• Brian McFarlane

Chicago Blackhawks - A record that no team wanted.


Players and teams have set some amazing records in hockey.

They’ve also established some that are downright embarrassing.

Like the Chicago Blackhawks, for example, who set records for futility in 1928-29 that have lasted for over 80 years. In their third NHL season, the Blackhawks won a mere seven games in a 44-game schedule. During one eight-game stretch they were shutout eight straight times. They couldn’t get the puck over the other team’s goal line—not even once. Over the course of the season the Hawks were blanked 21 times or almost fifty per cent of the time. And their so-called scorers were pitiful, managing only 33 goals all season, less than one per game.

Forward Vic Ripley led the Hawk scorers with 11 goals and 2 assists for 13 points, a woeful total for a club's leading scorer. The Hawks’ second leading scorer was Johnny Gottselig who tallied five goals and three assists for eight points. Wayne Gretzky and Mario Lemieux would score that many points in a weekend. That season, the Hawks had Charlie Gardiner in goal or they might not have won a single game. Gardiner happened to be among the league's best netminders, posting five shutouts and a 1.93 goals-against average in 44 games.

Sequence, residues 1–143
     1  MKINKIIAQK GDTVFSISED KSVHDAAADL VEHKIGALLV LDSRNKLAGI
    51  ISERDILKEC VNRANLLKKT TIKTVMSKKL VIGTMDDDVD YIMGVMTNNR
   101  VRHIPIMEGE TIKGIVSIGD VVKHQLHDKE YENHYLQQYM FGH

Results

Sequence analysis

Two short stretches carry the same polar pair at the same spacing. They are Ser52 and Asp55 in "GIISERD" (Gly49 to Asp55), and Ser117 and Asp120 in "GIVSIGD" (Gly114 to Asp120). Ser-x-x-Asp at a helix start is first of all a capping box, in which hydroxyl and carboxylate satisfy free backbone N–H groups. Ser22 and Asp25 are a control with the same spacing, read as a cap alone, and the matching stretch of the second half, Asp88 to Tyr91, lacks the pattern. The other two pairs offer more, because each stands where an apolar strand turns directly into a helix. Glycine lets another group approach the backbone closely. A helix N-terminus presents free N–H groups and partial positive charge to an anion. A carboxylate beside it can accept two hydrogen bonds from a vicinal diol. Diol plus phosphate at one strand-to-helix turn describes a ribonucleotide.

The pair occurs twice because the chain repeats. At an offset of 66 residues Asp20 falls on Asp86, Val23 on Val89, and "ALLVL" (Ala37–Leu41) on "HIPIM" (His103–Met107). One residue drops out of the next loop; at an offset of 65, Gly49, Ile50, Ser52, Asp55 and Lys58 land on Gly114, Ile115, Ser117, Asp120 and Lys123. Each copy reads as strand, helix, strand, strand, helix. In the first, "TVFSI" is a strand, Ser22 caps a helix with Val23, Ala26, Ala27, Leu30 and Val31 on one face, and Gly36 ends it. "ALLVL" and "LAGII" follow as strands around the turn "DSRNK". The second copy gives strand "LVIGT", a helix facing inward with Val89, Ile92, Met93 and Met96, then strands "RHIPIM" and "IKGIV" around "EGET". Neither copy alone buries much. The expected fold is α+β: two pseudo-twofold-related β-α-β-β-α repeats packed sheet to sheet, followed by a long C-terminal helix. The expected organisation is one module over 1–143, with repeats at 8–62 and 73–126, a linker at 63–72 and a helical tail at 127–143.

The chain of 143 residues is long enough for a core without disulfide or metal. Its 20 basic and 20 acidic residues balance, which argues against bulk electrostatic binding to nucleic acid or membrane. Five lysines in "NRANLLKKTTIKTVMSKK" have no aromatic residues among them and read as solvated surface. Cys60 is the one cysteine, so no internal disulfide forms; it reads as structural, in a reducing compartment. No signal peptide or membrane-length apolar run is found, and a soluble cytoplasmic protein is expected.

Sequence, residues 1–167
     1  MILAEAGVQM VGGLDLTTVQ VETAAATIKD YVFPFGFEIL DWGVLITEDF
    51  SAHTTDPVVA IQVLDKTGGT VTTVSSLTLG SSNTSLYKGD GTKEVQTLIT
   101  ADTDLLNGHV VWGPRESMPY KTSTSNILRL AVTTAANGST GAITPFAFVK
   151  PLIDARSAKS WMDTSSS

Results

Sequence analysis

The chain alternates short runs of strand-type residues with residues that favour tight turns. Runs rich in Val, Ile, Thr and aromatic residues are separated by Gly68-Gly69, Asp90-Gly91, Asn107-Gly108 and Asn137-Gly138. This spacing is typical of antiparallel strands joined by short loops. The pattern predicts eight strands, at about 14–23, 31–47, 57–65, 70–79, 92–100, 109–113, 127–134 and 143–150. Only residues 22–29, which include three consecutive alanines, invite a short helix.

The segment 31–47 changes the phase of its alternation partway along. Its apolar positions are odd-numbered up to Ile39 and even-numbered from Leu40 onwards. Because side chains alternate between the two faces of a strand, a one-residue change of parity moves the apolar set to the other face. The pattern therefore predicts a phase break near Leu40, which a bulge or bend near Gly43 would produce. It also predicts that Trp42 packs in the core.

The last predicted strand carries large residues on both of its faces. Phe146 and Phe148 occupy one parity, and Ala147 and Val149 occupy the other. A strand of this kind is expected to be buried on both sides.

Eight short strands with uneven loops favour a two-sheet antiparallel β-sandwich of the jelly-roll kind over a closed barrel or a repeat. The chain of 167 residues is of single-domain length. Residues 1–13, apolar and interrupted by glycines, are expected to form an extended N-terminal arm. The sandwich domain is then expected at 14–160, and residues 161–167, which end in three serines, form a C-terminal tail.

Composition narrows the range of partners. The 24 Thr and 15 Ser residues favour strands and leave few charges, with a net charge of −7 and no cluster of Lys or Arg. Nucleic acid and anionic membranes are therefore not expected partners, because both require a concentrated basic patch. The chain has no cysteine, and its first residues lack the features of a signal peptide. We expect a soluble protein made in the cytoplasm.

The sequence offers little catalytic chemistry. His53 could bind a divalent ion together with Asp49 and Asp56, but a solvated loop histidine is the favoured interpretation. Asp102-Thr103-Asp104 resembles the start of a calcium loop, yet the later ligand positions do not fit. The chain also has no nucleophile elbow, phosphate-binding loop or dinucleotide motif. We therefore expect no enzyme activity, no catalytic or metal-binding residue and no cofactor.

Years later, a Chicago player set a brilliant record in the final game of the 1951-52 season. It’s a mark that still stands. Forward Bill Mosienko scored three goals in 21 seconds against Rangers rookie netminder Lorne Anderson. Gus Bodnar assisted on all three of Mosienko’s goals to establish a record for the three fastest assists. Anderson never played another NHL game.